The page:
In China’s case, the backlog of EB-5 visa applicants is so substantial that investors of this nationality may have to wait 10 to 15 years before immigrating to the United States. These processing times are unjustifiably long, especially in comparison to those of other applicants; in some cases, investors from low-demand countries receive EB-5 visas in as little as 24 months after submitting Form I-526.
Potential investors from countries with a visa backlog may, understandably, hesitate to participate in the EB-5 program due to these unconscionable delays. And EB-5 applicants who plan to immigrate with their dependent children are further hindered by the limited visa availability: an investor’s children will be considered dependent, and thus eligible for an EB-5 visa, only if they are under the age of 21. If an investor’s wait time is too long, their children could become disqualified for reaching the age limit.
Why Are EB-5 Visa Wait Times So Long for Investors From High-Demand Countries?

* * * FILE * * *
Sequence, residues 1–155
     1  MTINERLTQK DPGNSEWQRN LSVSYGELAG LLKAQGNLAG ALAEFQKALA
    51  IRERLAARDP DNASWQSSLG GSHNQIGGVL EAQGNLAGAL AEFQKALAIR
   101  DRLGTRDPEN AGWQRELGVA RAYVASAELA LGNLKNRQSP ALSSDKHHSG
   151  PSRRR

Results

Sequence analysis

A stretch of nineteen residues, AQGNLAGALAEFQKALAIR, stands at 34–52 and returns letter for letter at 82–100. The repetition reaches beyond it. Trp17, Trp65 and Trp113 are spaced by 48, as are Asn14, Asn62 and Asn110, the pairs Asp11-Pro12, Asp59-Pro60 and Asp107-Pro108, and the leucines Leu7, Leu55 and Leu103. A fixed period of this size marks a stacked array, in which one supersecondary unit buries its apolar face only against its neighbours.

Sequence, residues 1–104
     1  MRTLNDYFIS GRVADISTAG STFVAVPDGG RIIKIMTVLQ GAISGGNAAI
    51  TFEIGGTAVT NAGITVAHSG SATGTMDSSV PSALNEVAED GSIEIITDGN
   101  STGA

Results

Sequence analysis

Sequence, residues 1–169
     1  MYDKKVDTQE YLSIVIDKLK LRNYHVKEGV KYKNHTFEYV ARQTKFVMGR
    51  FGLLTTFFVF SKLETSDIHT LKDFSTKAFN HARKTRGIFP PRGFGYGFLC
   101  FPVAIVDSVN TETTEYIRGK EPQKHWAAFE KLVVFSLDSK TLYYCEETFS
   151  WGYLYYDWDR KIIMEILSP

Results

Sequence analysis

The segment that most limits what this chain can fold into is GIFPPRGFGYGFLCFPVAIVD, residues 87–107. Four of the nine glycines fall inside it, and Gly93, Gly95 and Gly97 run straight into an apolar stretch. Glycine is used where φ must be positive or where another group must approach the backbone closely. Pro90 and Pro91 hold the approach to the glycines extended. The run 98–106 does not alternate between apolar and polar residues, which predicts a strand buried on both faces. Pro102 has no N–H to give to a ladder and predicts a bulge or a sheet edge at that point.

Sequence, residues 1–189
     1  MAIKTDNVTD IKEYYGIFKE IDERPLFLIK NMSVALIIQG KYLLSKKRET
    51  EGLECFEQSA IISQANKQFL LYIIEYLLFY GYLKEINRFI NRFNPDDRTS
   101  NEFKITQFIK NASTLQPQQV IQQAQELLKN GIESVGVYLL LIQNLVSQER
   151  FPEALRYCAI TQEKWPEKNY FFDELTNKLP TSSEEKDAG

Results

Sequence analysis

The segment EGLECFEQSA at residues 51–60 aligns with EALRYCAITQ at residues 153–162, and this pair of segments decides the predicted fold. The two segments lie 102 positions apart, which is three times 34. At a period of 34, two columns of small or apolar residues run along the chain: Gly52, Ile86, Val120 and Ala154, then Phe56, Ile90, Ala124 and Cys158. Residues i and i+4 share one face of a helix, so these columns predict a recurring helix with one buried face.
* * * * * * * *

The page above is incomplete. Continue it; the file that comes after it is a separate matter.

The DOS determines how many visas will be made available to the EB-5 investment program each year, and this number is typically sufficient to accommodate investors from most countries. At the same time, the DOS dictates that each participating country in the EB-5 program can receive no more than 7% of the total number of EB-5 visas allocated for the current year, effectively reducing the actual number of available visas. This striction constitutes a major obstacle for the few countries with a high volume of EB-5 applicants.
If an investor’s nationality has already exhausted its supply of EB-5 visas for that year, the investor will have to wait until unused visas from other nationalities become available at the end of the year. Because of the considerable backlog of EB-5 applicants, this can be a prolonged wait.
Cutoff Dates Exacerbate Visa Issuance Delays
In addition to the constraints on visa availability for their country, EB-5 applicants may be subject to further delays in the form of two cutoff dates —a final action date and a date for filing. These two dates restrict when investors can send their applications to the National Visa Center and when they can receive their EB-5 visas. The date an investor submits Form I-526, known in the EB-5 program as an I-526 priority date, determines whether they can advance in the visa process.